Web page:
Photos: Big windows in a vestibules between cars give copiousness of room for photos. we spent a good partial of a outing there, sharpened fields of wildflowers and other scenes. Being in a automobile during a behind of a sight authorised for photos of a sight curving in front of me, as well.

The steam engine that routinely powers a sight is underneath repair, so photos of a billowing steam cloud will have to wait for another trip.

Good eats: After a sight arrived in Burnet, we was hungry. There are restaurants within walking stretch of a sight depot, and shuttles to other internal eateries.

I hopped on a initial convey we came to. It incited out to be for a Burnet Feed Store BBQ. Generous helpings of brisket and sausage dripped with flavor, with a healthy apportionment of cherry cobbler commanding it off.

Shopping and shows: The convey returned to a city center, and we spent a few mins browsing a antiques stores that line a square.

A gunfight — a staged one — pennyless out, sketch a large crowd. A few of a sight travelers were combined to a expel as tavern girls in full costume.

Next time: I’ll open for a chair in a air-conditioned cars and spend some-more time browsing a stores in Burnet’s city square.

More info: AustinSteamTrain.org or 512-477-8468 Ext. 2.

Joshua Trudell is a San Antonio author and photographer.


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Road outing on Florida-Alabama Gulf Coast desirous by BP ads 2 years after oil spill


Click to perspective (6 Photos)

PENSACOLA, Fla. — If you’ve incited on a TV lately, chances are you’ve seen ads for a Gulf Coast featuring beaches, seafood and accessible faces. But we competence have winced if we beheld a small immature heading for BP. It’s a sign that a ads are paid for by a association obliged for one of a biggest oil spills in history, a 2010 Deepwater Horizon disaster, that dirty beaches with connect balls and ravaged tourism for months.

Some critics have mocked a ads, others call them “greenwashing.” But dual years after a spill, tourism along a Gulf is booming. Officials can’t contend how many vacationers competence have been lured by a ads, that have run nationally and are called “Voices of a Gulf,” though many Gulf Coast destinations had their best year ever in 2011. And with clever reports for early 2012, locals are anticipating for another ensign year.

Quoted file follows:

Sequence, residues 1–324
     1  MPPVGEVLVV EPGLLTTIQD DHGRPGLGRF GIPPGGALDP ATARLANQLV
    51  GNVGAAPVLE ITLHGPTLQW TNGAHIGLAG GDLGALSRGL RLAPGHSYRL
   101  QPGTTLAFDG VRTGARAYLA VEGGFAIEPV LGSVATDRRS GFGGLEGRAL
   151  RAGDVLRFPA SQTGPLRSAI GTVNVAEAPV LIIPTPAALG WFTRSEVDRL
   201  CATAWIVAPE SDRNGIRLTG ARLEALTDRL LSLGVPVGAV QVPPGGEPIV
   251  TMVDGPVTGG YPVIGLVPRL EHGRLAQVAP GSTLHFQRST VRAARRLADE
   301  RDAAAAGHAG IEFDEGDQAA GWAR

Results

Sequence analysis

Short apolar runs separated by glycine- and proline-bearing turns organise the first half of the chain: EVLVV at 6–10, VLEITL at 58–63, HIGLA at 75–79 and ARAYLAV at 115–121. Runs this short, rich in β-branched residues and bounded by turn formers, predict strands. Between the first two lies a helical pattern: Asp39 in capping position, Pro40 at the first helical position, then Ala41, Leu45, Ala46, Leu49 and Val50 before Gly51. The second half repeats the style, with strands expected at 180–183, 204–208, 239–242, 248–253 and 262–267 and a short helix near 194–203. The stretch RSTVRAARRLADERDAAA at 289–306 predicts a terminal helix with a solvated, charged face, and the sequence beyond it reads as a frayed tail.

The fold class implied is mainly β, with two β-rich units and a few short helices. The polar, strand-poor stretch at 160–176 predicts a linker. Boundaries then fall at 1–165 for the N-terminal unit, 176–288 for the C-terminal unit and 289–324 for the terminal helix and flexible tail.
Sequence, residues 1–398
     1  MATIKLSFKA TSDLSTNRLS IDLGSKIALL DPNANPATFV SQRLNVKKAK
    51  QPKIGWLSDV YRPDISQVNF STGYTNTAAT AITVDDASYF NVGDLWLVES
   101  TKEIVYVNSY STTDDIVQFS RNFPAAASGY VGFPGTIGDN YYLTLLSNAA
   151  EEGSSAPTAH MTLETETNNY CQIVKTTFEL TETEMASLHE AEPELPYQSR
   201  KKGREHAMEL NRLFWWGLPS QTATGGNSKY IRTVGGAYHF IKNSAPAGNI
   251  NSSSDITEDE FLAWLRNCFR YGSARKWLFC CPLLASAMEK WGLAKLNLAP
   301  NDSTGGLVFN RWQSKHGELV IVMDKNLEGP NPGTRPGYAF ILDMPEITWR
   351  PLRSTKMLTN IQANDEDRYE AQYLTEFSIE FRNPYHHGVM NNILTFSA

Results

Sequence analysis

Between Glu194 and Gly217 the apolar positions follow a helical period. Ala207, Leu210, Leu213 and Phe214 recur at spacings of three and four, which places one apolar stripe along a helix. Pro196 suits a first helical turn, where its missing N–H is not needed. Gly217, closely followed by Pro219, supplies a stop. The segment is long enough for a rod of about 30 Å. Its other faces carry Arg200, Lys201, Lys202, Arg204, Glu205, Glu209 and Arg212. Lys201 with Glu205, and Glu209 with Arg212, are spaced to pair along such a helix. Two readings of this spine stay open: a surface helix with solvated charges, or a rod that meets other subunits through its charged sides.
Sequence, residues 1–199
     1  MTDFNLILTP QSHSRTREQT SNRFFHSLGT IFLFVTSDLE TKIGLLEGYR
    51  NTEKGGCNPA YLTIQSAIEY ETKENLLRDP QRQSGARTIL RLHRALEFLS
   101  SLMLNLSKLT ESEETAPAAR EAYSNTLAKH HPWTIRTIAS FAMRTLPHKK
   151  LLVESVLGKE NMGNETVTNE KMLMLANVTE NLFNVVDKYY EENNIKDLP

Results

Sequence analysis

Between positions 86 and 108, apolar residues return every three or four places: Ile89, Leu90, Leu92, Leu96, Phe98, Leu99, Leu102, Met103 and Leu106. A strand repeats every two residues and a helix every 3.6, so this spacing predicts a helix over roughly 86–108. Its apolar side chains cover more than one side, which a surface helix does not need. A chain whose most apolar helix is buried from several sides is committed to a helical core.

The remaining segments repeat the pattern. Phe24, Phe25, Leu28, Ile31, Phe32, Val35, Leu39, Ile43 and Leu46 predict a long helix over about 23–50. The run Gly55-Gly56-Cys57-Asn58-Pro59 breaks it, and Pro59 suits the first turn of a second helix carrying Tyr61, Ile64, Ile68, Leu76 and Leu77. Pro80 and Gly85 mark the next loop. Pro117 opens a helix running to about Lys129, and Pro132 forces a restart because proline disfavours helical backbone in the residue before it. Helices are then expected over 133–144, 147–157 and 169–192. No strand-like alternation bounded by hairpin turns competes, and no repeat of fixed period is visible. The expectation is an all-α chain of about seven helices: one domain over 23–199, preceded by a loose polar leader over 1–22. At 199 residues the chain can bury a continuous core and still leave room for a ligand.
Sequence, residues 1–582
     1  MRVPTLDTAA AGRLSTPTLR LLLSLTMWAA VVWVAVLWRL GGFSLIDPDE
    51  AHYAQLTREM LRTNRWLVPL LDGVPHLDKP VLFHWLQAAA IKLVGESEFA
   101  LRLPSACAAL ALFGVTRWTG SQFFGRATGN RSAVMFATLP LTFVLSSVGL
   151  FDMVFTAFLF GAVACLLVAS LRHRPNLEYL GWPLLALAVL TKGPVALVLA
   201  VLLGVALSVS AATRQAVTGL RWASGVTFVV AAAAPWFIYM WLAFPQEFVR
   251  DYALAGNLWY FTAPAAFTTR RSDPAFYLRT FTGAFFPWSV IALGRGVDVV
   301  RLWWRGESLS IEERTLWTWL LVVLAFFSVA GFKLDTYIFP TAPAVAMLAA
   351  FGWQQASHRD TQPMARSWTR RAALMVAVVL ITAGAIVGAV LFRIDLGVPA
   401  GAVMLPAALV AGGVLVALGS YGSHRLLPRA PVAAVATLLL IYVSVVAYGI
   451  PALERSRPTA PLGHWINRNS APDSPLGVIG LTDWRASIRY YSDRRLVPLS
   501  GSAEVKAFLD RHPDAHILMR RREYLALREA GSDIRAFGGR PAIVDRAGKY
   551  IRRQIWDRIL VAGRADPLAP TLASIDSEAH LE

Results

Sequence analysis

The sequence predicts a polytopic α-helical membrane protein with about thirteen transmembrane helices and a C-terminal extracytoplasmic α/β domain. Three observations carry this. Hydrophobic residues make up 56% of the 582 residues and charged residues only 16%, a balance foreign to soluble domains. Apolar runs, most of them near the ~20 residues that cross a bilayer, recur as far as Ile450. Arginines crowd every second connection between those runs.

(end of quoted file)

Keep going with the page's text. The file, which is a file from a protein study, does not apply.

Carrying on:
I’m one of those visitors who, ironically, competence never have deliberate a vacation here had it not been for a oil spill. Like a lot of New Yorkers, I’ve been to other tools of Florida — Orlando for thesis parks, Fort Lauderdale to revisit late relatives, South Beach for a glam, a Everglades for nature. But until we saw those BP ads, we never suspicion about visiting Florida’s Panhandle. Historically, this frame of seashore stretching opposite state lines into Alabama was a summer end for Southeasterners and a winter end for Midwesterners. But a ads swayed this Yankee to check out an area once famous as a Redneck Riviera, a tenure some journey derisive, though that during one time connoted a workingman’s bliss where beach vacations didn’t have imagination pricetags.

With my sister, another Yankee who’d never been to a region, we set off on a Gulf Coast highway trip. We ate oysters, went birdwatching, visited ancestral homes, and sunbathed on a soft, sugar-white silt a area is famous for. We didn’t adore a soaring condos that browbeat so most of a shorefront, though we found pleasing state parks charity easy entrance to primitive beaches scarcely everywhere. And a locals really lived adult to their repute for liberality and friendliness. For other travelers intrigued by a latest BP ad’s invitation to “help make 2012 an even improved year for tourism,” here are some highlights from a trip.

We started in St. Petersburg, nearing around a Sunshine Skyway Bridge, a 4-mile camber with radiant cables that demeanour like hulk bullion and white sails. We visited a Dali Museum, a collection of surrealist art by Salvador Dali in a waterfront building with a geodesic design and witty outside sculpture of a artist’s moustache, http://thedali.org/. In circuitously Tampa’s Ybor City, a ancestral if somewhat outline district famous for cigar production and Spanish-Cuban heritage, we stayed during a 1895 Don Vicente Inn, http://www.donvicenteinn.com/ (rates start around $139), beautifully easy though with complicated amenities (comfy beds and Wi-Fi).

En track to a subsequent stop, Apalachicola, we detoured to a Indian Mounds during Crystal River State Archaeological Site, http://www.crystalriverstateparks.org/CrysRiv2.cfm. Trees draped in Spanish moss line a route to an ancient relic finished of shells and earth with a pacific perspective of a river.

Apalachicola was even some-more scenic. Here a stream meets a brook in an aged post city with extended streets, like a enchanting portrayal come to life in soothing blues, greens and browns. We stayed during a Gibson Inn, a 1907 hotel on a National Register of Historic Places with mouth-watering verandas — http://www.gibsoninn.com/ (rates start during $115), and we enjoyed a best food of a trip: Oysters a few miles out of city during a no-frills Indian Pass Raw Bar (try a baked oysters with parmesan), a ideal cooking during a upscale Owl Cafe, and a contented breakfast during Tamara’s. Beaches are opposite a overpass on St. George Island, a 22-mile separator island, with a state park 4 miles in.